Review of Signal Fires by Dani Shapiro
In Signal Fires, Dani Shapiro offers characters and consequences that connect through time and in unexpected ways. The loss and redemption here are tragic and beautiful.
Signal Fires begins with three teenagers drinking in 1985, a car accident, a young doctor Ben Wilf, who comes upon the wreck and whose family is involved, and a haunting secret.
Time passes, and a young family moves onto Division Street. Their astronomy-obsessed young son Waldo befriends the retired Dr. Wilf, whose wife is losing her memories at the same time vivid memories of past events come rushing back to Ben with uncomfortable impact.
“If only time could be seen whole, then you could see the past remaining intact, instead of vanishing in the rearview mirror.”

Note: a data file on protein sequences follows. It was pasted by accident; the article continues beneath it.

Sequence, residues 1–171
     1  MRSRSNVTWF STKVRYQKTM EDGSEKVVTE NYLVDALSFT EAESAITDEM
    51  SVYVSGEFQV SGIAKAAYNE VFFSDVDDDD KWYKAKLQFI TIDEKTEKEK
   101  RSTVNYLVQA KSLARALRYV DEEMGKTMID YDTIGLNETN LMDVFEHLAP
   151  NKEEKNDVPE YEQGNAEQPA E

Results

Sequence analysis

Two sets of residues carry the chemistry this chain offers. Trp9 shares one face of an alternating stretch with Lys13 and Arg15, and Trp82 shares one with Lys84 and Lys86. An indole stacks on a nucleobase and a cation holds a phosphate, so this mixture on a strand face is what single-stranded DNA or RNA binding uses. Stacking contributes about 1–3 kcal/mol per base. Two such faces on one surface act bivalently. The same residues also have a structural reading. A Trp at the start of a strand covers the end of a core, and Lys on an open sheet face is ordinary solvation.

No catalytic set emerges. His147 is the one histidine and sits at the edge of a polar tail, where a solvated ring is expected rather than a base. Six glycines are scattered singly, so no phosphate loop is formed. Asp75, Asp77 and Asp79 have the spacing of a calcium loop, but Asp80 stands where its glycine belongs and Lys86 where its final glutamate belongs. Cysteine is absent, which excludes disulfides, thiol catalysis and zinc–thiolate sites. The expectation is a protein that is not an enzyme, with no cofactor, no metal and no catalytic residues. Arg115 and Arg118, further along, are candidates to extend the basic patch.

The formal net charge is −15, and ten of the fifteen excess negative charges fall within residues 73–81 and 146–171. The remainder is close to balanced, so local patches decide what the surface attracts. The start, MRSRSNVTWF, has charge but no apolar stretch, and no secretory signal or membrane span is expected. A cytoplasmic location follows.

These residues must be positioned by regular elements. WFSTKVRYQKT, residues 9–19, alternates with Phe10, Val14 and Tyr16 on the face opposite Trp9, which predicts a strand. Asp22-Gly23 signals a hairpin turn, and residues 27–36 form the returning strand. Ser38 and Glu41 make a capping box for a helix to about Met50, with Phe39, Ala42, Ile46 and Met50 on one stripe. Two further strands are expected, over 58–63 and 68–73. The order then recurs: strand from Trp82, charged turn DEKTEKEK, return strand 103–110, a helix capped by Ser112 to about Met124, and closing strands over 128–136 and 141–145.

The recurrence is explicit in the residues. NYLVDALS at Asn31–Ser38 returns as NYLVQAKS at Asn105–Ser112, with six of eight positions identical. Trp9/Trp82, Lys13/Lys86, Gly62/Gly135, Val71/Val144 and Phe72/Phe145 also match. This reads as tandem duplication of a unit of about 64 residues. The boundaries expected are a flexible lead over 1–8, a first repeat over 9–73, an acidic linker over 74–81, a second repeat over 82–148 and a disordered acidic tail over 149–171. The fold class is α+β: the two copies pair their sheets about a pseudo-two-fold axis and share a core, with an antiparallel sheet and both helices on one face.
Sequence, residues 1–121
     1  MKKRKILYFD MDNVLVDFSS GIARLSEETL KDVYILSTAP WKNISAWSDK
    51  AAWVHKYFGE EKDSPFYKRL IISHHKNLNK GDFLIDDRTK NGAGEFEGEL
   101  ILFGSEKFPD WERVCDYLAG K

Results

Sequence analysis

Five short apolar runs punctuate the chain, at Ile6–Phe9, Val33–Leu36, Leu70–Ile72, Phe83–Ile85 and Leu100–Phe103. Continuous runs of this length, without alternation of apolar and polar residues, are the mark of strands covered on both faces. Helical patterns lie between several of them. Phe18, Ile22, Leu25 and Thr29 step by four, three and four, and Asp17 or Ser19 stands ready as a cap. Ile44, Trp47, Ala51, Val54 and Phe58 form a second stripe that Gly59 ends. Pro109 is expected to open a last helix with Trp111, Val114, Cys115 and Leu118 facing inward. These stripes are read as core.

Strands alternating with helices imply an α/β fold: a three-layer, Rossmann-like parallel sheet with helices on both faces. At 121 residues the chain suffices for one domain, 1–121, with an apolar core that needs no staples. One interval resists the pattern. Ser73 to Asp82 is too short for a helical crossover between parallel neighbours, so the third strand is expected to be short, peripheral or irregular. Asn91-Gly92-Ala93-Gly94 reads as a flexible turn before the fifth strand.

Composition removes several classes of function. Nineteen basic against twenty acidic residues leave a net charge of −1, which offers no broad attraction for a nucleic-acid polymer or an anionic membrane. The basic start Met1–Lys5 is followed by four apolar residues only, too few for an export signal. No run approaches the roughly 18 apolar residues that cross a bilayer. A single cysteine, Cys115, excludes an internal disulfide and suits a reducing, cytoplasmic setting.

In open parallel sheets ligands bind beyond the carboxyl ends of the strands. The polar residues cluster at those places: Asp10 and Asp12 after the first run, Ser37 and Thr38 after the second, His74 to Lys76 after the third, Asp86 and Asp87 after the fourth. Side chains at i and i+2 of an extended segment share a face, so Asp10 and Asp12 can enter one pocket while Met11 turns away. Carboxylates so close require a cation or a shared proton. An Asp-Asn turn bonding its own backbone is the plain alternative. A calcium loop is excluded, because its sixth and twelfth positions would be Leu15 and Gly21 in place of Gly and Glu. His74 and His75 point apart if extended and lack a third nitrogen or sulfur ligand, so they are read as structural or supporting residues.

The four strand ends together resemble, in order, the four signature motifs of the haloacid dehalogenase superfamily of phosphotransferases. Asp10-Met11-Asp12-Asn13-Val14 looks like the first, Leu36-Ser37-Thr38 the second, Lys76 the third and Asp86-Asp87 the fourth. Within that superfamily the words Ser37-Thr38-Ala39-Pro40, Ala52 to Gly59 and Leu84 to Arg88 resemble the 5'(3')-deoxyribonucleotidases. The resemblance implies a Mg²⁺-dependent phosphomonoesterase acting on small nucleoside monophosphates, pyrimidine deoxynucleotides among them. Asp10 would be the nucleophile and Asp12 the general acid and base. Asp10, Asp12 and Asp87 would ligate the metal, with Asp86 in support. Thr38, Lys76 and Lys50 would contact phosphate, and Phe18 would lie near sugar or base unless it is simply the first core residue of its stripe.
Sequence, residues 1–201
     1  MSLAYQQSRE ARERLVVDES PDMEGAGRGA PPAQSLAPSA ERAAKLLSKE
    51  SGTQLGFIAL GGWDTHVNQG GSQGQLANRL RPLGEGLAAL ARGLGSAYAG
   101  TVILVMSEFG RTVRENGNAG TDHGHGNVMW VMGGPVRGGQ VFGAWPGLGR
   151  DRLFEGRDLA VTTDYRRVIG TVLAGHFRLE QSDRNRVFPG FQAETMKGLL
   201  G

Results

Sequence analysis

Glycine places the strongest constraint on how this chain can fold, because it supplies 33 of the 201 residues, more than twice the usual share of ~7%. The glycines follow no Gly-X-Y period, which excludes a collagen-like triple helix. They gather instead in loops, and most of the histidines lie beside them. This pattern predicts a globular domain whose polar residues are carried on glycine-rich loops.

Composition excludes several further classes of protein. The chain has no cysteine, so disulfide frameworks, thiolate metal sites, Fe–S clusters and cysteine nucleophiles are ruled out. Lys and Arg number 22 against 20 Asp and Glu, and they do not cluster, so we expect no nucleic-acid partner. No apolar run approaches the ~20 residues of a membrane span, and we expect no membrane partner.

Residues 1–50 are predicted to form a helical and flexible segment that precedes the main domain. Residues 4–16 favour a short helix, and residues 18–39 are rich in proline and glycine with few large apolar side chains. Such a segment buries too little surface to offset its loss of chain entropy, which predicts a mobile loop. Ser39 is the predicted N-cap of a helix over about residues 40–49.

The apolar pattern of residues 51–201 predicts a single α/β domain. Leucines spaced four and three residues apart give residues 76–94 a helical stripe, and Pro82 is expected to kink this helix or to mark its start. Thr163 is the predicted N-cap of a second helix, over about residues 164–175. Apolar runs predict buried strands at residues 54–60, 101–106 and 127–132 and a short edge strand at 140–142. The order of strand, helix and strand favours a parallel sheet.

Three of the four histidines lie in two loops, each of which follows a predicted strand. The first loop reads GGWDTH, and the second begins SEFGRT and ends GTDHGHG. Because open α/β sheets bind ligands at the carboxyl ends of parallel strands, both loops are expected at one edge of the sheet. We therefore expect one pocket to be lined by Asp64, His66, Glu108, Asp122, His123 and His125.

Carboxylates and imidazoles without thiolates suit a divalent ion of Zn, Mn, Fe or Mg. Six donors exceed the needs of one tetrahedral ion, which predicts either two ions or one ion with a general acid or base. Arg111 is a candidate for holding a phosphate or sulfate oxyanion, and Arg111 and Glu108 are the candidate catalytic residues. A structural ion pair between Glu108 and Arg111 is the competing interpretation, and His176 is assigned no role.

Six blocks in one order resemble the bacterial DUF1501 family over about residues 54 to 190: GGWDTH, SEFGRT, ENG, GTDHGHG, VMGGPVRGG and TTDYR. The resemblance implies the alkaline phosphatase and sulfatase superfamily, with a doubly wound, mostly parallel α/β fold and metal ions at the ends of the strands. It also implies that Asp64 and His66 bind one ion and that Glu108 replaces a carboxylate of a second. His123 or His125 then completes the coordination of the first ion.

Signal Fires is about brokenness and the consequences of secrets and mistakes. But it is also largely about overcoming thwarted emotional connection and forging new ways of coming together through and after tragedy.
I love Shapiro's writing and how she conveys the tragic beauty of human weakness and the relentless, if sometimes seemingly ill-advised, nature of hope. I adored the way the character of Waldo served as an unlikely conduit to wonder and how he bridges enormous barriers of all kinds.
I listened to Signal Fires as an audiobook.
Do you have any Bossy thoughts about this book?
I mentioned Dani Shapiro's fascinating memoir Inheritance in the Greedy Reading List Six More Illuminating Memoirs to Lose Yourself In.
Shapiro is also the author of Hourglass: Time, Memory, Marriage; Devotion: A Memoir; and other books.